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The 23 Greatest Actors of All Time According to the AFI


The 23 Greatest Actors of All Time According to the AFI


Summary

  • American Film Institute curates lists of greatest actors, including Robert Mitchum and Sidney Poitier, showcasing legendary talents.
  • Buster Keaton and Groucho Marx also highlighted by AFI for their contributions to cinema as comedy geniuses.
  • A diverse range of iconic actors like Gene Kelly, Laurence Olivier, and John Wayne cement their places as Hollywood legends.

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The American Film Institute was introduced by President Lyndon B. Johnson in order to preserve the legacy of American cinema and has been curating definitive lists of the greatest films, directors, genres, and actors in their “100 years…” series for 25 years. The AFI separates acting into the best actors and actresses, and they are fascinating lists, though the Institute has yet to provide an updated version after its 2008 edition, which had strict criteria regarding actors and their feature debuts before 1950.

Updated April 15, 2024: This article has been updated to provide more actors from AFI’s best actors of all time list.

Whether it’s updated soon or in 20 years’ time, it’s hard to foresee much in the way of change, considering the legendary status of its current occupants. These are cinematic faces that have defined the medium. Every younger viewer who may never have seen a single film starring the people on this list might recognize the names. These are the best actors of all time ranked according to AFI.

23 Robert Mitchum

Robert Mitchum as Harry Powell wearing a dark suit with the word
United Artists 

Adored for his imposing stature, weary gaze, and soulful demeanor, Robert Mitchum is regarded as one of classic Hollywood’s most recognizable antiheroes, whose career transcended five decades and established him as one of the cinema’s most sought-after leading men. Mitchum expertly starred in pictures of all shapes and sizes, yet he ultimately became best known for his fantastic work in film noir.

A Commanding On-Screen Presence

Mitchum became a household name in the 1940s with starring roles in films like The Story of G.I. Joe, Crossfire, and Out of the Past, before going on to work with acclaimed performers including Jane Russell, Marilyn Monroe, Cary Grant, and Gregory Peck in the ensuing years. Some of his most prominent projects include Cape Fear, Heaven Knows, Mr. Allison, The Night of the Hunter, and River of No Return, and he continued acting up until his death in 1997.

22 Sidney Poitier

Sidney Poitier as Ben Munceford looking incredulous in The Bedford Incident (1965)
Columbia Pictures

Sidney Poitier made Academy Awards history when he became the first Bahamian and African-American actor to win the Best Actor award, taking home the prestigious accolade for his phenomenal performance in Lilies of the Field in 1964. Poitier achieved widespread stardom with celebrated roles in films such as The Defiant Ones, A Raisin in the Sun, and A Patch of Blue, and would go on to break boundaries in the 1960s by appearing in three successful pictures that tackled race relations head-on.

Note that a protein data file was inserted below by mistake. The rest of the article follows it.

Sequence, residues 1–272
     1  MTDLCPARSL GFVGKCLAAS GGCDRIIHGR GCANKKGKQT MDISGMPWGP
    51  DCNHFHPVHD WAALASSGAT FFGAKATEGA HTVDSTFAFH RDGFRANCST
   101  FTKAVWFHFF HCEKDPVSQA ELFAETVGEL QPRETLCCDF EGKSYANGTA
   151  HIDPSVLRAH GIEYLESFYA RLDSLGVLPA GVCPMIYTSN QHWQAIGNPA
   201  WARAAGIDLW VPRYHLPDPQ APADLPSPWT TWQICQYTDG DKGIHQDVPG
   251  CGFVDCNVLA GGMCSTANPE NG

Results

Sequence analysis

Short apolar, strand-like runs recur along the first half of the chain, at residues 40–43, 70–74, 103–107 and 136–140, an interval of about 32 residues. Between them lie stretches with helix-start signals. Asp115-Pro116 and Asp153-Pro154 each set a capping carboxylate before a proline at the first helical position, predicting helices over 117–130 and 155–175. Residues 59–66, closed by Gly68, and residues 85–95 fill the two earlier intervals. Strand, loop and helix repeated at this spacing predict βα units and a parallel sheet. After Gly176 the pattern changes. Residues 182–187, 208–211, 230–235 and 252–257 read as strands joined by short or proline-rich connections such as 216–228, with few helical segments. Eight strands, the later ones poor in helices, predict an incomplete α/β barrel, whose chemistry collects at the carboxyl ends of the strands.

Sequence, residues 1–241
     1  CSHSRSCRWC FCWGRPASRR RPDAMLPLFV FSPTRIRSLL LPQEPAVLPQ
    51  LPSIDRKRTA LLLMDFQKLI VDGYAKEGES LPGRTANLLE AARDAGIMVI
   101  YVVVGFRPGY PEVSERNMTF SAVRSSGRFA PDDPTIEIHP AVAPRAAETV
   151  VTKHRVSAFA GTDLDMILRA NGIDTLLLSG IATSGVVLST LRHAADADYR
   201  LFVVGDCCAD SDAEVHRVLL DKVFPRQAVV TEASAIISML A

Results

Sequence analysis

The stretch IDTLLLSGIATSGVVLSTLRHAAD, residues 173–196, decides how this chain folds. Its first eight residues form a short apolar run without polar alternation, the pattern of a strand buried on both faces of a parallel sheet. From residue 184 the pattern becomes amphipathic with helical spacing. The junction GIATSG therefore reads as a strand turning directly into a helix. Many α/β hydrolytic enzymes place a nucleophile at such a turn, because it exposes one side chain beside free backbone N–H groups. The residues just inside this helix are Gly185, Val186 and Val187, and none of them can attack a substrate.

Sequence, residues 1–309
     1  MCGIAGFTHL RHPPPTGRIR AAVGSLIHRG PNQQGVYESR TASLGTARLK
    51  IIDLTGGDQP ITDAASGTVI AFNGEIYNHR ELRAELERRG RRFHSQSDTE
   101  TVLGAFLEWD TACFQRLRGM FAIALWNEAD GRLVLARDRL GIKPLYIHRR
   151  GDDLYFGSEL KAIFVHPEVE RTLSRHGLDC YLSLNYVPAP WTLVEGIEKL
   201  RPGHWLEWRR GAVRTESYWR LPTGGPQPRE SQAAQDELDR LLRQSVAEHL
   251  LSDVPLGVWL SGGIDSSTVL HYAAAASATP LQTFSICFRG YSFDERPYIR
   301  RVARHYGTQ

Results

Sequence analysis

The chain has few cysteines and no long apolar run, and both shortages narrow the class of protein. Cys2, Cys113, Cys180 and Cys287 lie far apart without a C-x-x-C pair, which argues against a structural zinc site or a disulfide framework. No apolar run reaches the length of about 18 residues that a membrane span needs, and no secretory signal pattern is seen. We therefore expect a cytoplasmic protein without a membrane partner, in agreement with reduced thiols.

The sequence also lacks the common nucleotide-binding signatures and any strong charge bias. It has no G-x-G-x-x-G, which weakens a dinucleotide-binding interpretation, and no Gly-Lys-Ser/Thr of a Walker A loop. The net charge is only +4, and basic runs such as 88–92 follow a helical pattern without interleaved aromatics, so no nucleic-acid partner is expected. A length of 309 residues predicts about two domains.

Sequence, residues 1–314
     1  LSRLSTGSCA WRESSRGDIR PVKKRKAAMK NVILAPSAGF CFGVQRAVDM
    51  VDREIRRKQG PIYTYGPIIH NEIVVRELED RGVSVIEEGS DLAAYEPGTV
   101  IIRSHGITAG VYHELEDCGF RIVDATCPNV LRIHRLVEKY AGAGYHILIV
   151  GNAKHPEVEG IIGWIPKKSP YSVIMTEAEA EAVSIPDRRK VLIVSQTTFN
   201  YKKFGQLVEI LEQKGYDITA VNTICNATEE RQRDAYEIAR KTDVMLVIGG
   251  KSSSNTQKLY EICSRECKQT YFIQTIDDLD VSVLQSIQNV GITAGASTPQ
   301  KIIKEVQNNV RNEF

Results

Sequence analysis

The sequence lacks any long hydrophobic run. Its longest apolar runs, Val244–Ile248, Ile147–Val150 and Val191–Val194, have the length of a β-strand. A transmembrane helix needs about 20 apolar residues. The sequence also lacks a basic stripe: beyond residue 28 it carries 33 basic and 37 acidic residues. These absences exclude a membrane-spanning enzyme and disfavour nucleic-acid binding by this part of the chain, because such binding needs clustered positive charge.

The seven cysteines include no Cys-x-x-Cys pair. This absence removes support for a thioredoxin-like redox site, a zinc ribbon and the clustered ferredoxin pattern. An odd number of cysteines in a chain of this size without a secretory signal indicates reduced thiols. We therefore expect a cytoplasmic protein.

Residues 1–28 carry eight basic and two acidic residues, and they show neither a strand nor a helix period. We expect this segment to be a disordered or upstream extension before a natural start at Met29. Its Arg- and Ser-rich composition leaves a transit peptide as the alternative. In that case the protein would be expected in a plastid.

Poitier Breaks Barriers

Poitier notably starred in the trailblazing films Guess Who’s Coming to Dinner, To Sir, with Love, and In the Heat of the Night, becoming America’s biggest box-office draw and one of the cinema’s most renowned African-American performers. Poitier’s phenomenal career spanned nearly six decades, and he remains a beloved and decorated actor who, along with his Oscar, also received two Golden Globes, a Grammy, and a BAFTA.

21 Buster Keaton

Buster Keaton in Sherlock Jr.
Metro-Goldwyn Pictures

Revered for his fearless physical comedy and signature deadpan expression, Buster Keaton rose to prominence during the Silent film era and dazzled audiences with his commitment to the craft, ultimately earning the nickname “The Great Stone Face.” Keaton proved to be a powerful force in Hollywood, emerging as a major cinema star with a distinct approach to humor, and pushed boundaries by performing his own stunt work in his many silent films.

A Fearless Comedy Genius

Keaton headlined classic silent comedies including Sherlock Jr., The General, The Cameraman, and Steamboat Bill, Jr., and branched out into the world of talkies with films like Speak Easily and Sidewalks of New York. He received an Academy Honorary Award for his contributions to cinema in 1959, and was often favorably compared to fellow silver screen star Charlie Chaplin during his heyday.

20 Groucho Marx

Groucho Marx in Duck Soup, one of the best comedy movies
Paramount Pictures

Actor, comedian, and singer Groucho Marx is generally considered to be one of the greatest comedy performers of all time. Along with his brothers Chico, Harpo, and Zeppo, he performed under the name the Marx Brothers, starting off in vaudeville on stage before transitioning to films.